THEATER'Servant of Two Masters'Center Stage's anything-but-subtle approach...


'Servant of Two Masters'


Center Stage's anything-but-subtle approach to "Servant of Two Masters" elicits 20th century belly laughs from Carlo Goldoni's 18th century script. Under the direction of Irene Lewis, the production proves a delightful vehicle for one of the theater's favorite clowns, Robert Dorfman. The final performances of the run are at 2 p.m. and 8 p.m. today and at 2 p.m. tomorrow, at Center Stage, 700 N. Calvert St. Tickets are $10-$35. For information, call (410) 332-0033.

@ Although at the time it seemed to be spitting in the face of the rock establishment, what punk rock really wanted was a return to roots. And few veterans of that scene epitomize punk's sense of the past as well as the Ramones and Social Distortion. Listen closely to the Ramones' new album, "Mondo Bizarro," and it's easy to hear the clean lines and melodic clarity of '60s surf rock beneath the metallic roar of the guitars; likewise, Social Distortion's writing style draws from rockabilly and country conventions, even though the playing is pure rock and roll. Hear for yourself when both bands play Hammerjacks tonight. Tickets are $11, and the doors open at 8 p.m. Call (410) 481-7238 for tickets, (410) 659-7625 for information.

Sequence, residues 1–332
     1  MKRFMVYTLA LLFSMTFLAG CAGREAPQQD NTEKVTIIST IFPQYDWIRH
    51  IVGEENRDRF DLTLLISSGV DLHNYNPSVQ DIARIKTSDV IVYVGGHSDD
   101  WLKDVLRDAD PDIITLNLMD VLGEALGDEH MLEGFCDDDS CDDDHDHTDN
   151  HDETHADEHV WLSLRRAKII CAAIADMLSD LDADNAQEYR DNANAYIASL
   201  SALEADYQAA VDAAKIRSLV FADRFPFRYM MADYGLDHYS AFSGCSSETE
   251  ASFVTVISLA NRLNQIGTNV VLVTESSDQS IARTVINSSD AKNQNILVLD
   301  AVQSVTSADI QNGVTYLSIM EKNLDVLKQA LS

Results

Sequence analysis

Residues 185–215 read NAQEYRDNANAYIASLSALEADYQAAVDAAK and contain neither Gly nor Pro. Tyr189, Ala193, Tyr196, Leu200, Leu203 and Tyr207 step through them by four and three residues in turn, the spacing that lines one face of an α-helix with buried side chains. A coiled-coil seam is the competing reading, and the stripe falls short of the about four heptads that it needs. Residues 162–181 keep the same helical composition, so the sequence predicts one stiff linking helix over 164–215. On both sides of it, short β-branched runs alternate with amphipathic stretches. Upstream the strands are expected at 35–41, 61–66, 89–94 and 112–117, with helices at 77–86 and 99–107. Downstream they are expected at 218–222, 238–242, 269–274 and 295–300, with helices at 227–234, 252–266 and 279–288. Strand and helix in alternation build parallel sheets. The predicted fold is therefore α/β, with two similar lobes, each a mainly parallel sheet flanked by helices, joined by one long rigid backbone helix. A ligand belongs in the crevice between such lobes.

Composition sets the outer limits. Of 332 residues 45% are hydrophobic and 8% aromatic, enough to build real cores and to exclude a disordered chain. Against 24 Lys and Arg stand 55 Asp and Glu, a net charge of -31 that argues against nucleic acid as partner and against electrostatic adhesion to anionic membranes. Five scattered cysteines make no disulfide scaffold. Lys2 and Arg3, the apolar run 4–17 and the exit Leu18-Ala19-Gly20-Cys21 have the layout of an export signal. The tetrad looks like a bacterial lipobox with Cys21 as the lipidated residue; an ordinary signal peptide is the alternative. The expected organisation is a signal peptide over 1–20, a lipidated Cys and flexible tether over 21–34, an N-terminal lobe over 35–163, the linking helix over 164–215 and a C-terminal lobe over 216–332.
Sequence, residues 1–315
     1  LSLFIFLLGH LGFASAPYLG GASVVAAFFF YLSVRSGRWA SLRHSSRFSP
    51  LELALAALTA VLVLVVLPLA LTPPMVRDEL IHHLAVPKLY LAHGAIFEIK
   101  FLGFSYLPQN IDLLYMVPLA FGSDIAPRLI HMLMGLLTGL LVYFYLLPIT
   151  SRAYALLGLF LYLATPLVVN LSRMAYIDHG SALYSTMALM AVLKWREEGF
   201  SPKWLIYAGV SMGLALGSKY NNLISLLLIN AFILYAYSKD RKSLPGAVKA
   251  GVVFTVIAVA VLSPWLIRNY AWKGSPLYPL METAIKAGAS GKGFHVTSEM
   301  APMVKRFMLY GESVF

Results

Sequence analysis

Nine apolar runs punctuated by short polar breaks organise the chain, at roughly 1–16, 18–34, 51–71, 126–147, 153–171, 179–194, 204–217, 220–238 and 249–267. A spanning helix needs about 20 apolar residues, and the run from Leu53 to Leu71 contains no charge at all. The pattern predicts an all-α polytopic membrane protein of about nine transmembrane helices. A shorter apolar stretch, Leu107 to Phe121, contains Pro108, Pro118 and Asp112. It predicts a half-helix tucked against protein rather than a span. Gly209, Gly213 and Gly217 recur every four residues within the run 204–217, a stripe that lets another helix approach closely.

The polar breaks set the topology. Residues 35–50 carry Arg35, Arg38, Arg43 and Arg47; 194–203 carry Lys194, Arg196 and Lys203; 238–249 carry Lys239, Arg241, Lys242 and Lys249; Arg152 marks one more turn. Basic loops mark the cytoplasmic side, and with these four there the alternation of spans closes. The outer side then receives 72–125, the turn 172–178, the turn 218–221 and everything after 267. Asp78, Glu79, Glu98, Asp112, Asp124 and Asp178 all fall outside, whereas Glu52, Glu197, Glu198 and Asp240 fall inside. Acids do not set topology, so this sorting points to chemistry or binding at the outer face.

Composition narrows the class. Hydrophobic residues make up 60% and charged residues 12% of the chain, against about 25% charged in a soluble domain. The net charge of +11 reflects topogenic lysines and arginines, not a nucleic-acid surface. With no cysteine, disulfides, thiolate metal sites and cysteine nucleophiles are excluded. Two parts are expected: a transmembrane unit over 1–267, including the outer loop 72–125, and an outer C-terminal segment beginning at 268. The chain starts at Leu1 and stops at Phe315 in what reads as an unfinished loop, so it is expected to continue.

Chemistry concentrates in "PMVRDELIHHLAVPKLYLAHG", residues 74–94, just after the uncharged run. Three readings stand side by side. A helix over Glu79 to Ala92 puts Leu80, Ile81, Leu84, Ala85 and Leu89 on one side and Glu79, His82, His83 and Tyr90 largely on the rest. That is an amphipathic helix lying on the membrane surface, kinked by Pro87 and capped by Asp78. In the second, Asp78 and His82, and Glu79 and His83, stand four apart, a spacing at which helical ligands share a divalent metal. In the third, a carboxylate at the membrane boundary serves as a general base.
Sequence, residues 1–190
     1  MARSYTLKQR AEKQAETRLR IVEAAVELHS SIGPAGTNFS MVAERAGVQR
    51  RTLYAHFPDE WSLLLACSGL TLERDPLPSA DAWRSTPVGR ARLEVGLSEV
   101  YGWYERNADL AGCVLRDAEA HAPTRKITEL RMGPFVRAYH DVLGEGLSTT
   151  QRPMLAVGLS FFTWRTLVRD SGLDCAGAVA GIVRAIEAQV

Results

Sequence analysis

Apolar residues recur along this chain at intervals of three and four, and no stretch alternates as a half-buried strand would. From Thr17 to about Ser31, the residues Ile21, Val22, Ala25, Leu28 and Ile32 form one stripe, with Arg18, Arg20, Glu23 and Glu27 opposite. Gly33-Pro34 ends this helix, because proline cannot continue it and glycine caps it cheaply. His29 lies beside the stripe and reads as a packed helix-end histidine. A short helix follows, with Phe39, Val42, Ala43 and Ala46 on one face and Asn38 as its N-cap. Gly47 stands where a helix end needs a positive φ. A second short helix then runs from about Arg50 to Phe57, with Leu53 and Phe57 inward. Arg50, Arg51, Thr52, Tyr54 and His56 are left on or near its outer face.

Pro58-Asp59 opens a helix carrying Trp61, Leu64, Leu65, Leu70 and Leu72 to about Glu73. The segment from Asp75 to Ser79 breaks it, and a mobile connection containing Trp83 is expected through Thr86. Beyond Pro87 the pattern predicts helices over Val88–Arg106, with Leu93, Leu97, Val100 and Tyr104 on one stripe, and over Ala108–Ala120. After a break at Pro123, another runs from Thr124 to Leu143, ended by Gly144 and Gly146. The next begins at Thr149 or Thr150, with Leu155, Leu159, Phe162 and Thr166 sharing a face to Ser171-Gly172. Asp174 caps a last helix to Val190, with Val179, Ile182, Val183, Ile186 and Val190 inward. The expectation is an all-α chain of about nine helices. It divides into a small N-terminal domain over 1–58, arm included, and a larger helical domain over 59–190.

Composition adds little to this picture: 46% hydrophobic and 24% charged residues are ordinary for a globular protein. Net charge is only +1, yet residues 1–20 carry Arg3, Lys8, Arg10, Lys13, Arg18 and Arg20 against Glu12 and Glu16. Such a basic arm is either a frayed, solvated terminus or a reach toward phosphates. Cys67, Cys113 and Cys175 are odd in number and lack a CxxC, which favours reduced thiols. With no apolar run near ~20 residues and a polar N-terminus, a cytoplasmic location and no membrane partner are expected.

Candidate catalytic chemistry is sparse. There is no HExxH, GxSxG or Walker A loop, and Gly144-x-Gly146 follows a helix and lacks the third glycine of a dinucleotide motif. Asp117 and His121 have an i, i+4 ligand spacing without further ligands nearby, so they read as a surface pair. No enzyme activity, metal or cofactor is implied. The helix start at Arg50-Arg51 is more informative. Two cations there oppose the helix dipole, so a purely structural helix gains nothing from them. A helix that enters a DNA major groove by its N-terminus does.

J.D. Considine


'Jennifer 8'

"Jennifer 8" is spooky and compelling, even if it never quite makes sense. Andy Garcia plays a detective who believes a serial killer is eliminating blind women. But nobody will believe him, which makes him nuttier and nuttier. John Malkovich has a nice turn at the end. R. **.

Stephen Hunter